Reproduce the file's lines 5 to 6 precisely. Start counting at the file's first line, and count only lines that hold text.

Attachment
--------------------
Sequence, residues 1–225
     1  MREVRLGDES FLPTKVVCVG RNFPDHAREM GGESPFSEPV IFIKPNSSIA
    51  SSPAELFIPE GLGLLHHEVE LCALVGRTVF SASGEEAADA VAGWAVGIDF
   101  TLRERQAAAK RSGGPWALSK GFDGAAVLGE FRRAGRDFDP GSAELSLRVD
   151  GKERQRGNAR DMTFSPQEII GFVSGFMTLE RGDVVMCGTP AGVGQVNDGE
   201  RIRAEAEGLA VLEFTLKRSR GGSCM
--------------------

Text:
   151  GKERQRGNAR DMTFSPQEII GFVSGFMTLE RGDVVMCGTP AGVGQVNDGE
   201  RIRAEAEGLA VLEFTLKRSR GGSCM